In a first attempt at establishing a causal relationship between Twitter activity and TV ratings, Nielsen on Tuesday released a study that suggests that the social media platform can in fact have a meaningful impact on GRPs.
According to Nielsen’s “Twitter Causation Study,” the volume of tweets related to a particular broadcast “caused significant changes in live TV ratings” 29 percent of the time.
While Nielsen did not further quantify the impact of increased tweet volume on a given show’s ratings—as was born out with Syfy’s much-ballyhooed Sharknado, there isn’t necessarily a correlation between rabid Twitter activity and actual deliveries—the research giant did break down its preliminary results by genre.
Unsurprisingly, unscripted competition shows were the primary beneficiaries of real-time tweets, as hashtagged conversations influenced ratings changes 44 percent of the time. Comedy (37 percent) and sports programming (28 percent) also seemed to be affected by Twitter volume, while drama (18 percent) appeared to be largely indifferent to social nattering.
Conversely, Nielsen reported that live TV ratings had “a meaningful impact in related tweets” 48 percent of the time. Nielsen did not quantify what that meaningful impact might be, saying only that there was evidence to suggest causation.
“Using time series analysis, we saw a statistically significant causal influence indicating that a spike in TV ratings can increase the volume in tweets, and, conversely, a spike in tweets can increase tune-in,” said Paul Donato, Nielsen’s chief research officer. “This rigorous, research-based approach provides our clients and the media industry with a better understanding of the interplay between Twitter and broadcast TV viewing.”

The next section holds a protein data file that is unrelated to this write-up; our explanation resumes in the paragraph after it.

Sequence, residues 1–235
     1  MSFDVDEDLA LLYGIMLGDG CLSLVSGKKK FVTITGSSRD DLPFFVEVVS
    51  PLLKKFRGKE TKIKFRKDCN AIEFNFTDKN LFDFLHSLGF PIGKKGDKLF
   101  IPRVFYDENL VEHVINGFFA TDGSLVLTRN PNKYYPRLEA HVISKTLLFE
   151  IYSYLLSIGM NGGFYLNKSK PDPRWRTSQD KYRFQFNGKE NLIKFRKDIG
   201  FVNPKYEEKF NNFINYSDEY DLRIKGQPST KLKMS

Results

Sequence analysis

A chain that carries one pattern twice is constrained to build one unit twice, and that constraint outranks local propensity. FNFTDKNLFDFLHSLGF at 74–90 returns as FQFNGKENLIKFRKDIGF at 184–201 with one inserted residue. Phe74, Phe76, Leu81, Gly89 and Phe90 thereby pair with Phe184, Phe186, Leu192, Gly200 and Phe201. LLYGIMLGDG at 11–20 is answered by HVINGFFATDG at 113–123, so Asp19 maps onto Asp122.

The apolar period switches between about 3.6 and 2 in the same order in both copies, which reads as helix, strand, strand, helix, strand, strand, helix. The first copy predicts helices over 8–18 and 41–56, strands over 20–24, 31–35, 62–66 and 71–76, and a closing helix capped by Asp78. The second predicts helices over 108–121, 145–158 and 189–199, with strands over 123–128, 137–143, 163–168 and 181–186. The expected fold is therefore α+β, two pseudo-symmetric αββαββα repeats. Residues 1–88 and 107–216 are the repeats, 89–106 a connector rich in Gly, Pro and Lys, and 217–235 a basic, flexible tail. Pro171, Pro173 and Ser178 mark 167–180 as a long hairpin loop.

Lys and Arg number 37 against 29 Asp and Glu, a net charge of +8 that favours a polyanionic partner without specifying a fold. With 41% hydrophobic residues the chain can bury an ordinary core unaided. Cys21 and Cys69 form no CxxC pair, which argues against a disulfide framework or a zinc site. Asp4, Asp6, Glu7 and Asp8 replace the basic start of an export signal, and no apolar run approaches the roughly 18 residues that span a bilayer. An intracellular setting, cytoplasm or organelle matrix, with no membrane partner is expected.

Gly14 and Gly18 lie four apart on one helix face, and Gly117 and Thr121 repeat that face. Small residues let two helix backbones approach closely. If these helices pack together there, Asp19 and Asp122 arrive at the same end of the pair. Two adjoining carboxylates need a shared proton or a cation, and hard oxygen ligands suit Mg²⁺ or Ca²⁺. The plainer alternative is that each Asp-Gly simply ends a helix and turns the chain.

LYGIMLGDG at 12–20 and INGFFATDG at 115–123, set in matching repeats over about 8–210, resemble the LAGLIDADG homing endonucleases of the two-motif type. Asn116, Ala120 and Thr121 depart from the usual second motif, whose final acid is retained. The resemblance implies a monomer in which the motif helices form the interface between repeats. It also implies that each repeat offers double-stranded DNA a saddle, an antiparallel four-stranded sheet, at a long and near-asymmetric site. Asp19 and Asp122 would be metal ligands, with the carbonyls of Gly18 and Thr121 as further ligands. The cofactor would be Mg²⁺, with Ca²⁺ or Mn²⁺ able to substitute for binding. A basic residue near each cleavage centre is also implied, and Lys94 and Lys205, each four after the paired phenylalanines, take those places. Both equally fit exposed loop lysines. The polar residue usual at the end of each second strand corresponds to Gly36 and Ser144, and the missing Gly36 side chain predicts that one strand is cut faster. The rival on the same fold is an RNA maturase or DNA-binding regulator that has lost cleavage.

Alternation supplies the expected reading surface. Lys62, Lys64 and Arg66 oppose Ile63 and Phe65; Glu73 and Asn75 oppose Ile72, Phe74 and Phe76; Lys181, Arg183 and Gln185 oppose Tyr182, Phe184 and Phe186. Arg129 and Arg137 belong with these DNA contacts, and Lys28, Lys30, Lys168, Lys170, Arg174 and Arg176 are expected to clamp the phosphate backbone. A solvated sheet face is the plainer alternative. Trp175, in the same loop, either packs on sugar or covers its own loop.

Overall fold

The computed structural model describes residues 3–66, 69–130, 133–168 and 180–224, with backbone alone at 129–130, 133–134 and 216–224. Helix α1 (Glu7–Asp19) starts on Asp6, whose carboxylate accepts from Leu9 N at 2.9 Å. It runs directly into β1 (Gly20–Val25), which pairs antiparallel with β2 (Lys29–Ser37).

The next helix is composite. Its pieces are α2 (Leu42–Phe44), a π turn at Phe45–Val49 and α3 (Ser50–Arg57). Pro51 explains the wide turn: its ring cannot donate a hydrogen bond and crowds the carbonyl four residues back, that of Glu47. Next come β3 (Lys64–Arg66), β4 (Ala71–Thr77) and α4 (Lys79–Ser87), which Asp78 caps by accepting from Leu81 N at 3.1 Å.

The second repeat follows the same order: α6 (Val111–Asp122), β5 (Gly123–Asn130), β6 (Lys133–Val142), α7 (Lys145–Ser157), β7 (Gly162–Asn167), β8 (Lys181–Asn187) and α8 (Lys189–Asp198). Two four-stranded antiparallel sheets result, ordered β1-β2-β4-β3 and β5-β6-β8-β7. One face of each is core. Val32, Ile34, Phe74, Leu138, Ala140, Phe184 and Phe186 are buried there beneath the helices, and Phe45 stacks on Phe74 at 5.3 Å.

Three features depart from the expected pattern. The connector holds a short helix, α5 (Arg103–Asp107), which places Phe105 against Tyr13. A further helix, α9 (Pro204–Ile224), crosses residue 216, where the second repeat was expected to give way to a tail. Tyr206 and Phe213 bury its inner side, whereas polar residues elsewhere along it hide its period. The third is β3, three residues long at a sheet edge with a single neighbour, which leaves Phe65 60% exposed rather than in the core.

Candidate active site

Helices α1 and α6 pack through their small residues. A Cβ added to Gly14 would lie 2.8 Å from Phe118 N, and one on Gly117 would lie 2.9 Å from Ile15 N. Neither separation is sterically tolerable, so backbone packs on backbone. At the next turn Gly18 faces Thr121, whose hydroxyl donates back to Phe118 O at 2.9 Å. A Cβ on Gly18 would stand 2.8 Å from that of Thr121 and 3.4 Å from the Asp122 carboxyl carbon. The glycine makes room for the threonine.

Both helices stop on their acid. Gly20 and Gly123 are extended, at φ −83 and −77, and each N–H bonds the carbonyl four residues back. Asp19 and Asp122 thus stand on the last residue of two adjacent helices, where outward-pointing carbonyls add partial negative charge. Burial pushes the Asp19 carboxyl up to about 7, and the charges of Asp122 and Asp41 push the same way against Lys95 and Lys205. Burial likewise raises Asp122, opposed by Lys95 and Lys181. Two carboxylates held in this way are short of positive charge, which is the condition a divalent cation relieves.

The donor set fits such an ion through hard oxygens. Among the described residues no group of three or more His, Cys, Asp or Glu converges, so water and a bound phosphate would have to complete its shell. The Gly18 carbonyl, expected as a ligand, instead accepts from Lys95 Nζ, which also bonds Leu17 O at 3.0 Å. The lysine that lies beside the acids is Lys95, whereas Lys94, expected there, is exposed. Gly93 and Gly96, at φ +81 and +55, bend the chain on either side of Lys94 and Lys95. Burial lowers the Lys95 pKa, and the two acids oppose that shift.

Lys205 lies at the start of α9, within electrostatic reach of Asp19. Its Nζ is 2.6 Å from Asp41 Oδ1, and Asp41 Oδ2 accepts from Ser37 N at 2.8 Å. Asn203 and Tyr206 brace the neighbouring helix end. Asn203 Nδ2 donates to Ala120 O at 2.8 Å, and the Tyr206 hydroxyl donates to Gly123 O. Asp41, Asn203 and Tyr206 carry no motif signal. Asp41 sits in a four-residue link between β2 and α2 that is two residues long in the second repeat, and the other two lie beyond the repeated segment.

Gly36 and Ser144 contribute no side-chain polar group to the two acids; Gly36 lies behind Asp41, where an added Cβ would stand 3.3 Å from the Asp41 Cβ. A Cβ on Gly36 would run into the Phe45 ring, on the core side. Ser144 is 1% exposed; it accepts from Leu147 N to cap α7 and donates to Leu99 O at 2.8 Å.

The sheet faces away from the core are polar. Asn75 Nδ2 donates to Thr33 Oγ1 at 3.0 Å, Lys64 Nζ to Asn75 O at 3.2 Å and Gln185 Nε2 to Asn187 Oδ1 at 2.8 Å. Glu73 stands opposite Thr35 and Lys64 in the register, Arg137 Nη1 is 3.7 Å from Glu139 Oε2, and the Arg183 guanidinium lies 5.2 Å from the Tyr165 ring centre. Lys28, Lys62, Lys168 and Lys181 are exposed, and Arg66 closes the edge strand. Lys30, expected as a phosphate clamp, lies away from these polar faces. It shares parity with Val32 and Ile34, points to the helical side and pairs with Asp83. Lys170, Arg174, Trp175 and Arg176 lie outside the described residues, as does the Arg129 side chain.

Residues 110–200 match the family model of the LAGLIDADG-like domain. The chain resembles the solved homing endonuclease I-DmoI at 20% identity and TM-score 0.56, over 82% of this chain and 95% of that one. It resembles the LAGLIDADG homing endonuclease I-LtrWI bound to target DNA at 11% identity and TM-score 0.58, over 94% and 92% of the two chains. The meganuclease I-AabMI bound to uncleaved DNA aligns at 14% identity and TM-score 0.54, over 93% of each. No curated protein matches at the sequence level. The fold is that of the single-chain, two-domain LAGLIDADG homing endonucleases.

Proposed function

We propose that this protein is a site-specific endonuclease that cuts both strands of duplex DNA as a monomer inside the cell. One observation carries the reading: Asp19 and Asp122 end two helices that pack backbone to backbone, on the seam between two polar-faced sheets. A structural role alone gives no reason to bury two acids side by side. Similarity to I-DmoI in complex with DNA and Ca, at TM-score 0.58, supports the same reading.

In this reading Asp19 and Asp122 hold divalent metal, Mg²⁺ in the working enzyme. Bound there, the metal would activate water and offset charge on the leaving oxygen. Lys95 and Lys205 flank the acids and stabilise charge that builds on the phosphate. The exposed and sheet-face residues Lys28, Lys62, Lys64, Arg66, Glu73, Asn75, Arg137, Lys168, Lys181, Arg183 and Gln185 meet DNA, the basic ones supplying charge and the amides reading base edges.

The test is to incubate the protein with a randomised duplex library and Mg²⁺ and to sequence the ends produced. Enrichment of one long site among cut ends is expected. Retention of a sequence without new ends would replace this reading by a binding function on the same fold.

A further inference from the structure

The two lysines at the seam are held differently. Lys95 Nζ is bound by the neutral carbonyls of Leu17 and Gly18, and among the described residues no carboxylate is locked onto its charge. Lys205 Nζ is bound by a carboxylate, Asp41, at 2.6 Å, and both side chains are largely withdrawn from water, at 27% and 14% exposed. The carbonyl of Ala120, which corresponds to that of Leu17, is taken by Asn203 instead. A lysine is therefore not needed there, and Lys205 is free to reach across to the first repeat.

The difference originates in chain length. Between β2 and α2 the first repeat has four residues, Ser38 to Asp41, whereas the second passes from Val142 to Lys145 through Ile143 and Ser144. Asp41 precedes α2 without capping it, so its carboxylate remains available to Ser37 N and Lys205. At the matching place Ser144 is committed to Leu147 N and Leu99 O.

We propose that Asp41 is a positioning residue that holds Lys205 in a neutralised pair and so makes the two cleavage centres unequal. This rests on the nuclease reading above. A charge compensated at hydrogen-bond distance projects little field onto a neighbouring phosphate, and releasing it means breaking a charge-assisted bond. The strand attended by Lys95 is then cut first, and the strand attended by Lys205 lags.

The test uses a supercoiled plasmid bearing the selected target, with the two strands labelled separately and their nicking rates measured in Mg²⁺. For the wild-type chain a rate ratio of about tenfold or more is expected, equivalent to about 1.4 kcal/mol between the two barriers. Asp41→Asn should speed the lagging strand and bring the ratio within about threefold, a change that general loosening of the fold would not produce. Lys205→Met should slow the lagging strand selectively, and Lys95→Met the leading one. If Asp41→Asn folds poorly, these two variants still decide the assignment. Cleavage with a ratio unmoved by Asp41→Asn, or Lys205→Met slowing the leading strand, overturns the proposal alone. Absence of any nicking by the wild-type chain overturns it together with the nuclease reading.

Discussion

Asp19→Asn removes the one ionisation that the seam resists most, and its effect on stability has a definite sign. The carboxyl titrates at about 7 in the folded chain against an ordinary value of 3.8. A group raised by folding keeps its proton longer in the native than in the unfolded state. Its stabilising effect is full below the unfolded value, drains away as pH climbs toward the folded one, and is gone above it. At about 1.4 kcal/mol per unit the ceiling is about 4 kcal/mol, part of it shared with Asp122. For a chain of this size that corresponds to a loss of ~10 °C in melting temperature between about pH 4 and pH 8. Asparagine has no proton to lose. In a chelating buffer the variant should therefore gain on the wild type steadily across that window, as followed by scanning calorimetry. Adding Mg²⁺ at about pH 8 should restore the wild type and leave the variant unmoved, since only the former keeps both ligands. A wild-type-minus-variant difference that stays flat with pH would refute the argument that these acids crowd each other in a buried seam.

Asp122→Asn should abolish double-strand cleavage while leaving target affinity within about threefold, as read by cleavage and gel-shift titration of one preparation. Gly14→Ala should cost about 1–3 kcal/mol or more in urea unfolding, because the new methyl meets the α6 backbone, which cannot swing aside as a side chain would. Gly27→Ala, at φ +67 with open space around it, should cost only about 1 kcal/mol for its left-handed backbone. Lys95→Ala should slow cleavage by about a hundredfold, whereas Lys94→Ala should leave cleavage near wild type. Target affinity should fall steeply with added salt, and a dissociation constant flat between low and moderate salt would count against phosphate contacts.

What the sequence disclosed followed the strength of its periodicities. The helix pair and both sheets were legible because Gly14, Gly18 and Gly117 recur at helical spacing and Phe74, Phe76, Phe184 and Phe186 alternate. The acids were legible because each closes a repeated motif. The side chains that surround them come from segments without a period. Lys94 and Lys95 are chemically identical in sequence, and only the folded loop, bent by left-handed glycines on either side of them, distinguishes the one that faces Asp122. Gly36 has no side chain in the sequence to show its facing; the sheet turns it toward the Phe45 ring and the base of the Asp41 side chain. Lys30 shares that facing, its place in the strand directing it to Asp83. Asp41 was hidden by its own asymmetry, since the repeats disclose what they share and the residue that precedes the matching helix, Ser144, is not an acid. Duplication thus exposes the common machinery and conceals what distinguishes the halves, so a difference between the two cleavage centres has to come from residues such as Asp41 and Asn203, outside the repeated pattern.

Nielsen analyzed live ratings and Twitter activity for 221 broadcast program episodes. According to the company’s SocialGuide unit, Americans in the first quarter of 2013 generated 300 million tweets about 9,000 TV shows.
Per SocialGuide, last week’s top 10 most tweeted programs were all on basic cable. The frontrunner, the July 29 episode of VH1’s Love & Hip Hop: Atlanta, sparked 736,045 tweets and delivered 4.15 million viewers and a 2.3 in the adults 18-49 demo. (Both deliveries were tops in cable for the night.)
But here’s where trying to make a case for causation gets tricky. On Sunday night, Discovery Channel kicked off its beloved Shark Week franchise with the premiere of Megalodon: The Monster Shark Lives. The special was the night’s most-watched, highest-rated show on cable, delivering 4.82 million viewers and a 2.2 in the demo, and while it outdelivered Twitter king Love & Hip Hop by a 16 percent margin, it scared up less than half the tweets (325,408).
The causation study comes on the heels of an earlier attempt to prove a correlation between Twitter volume and live TV ratings. That study found that an 8.5 percent increase in Twitter activity by the 18-34 set resulted in a 1 percent bump in ratings for any given premiere episode.
While many TV executives remain unconvinced that Twitter can really move the needle on live ratings, the Nielsen study must come as welcome news indeed for the social media platform, which is readying its own TV ad-targeting product, Amplify TV.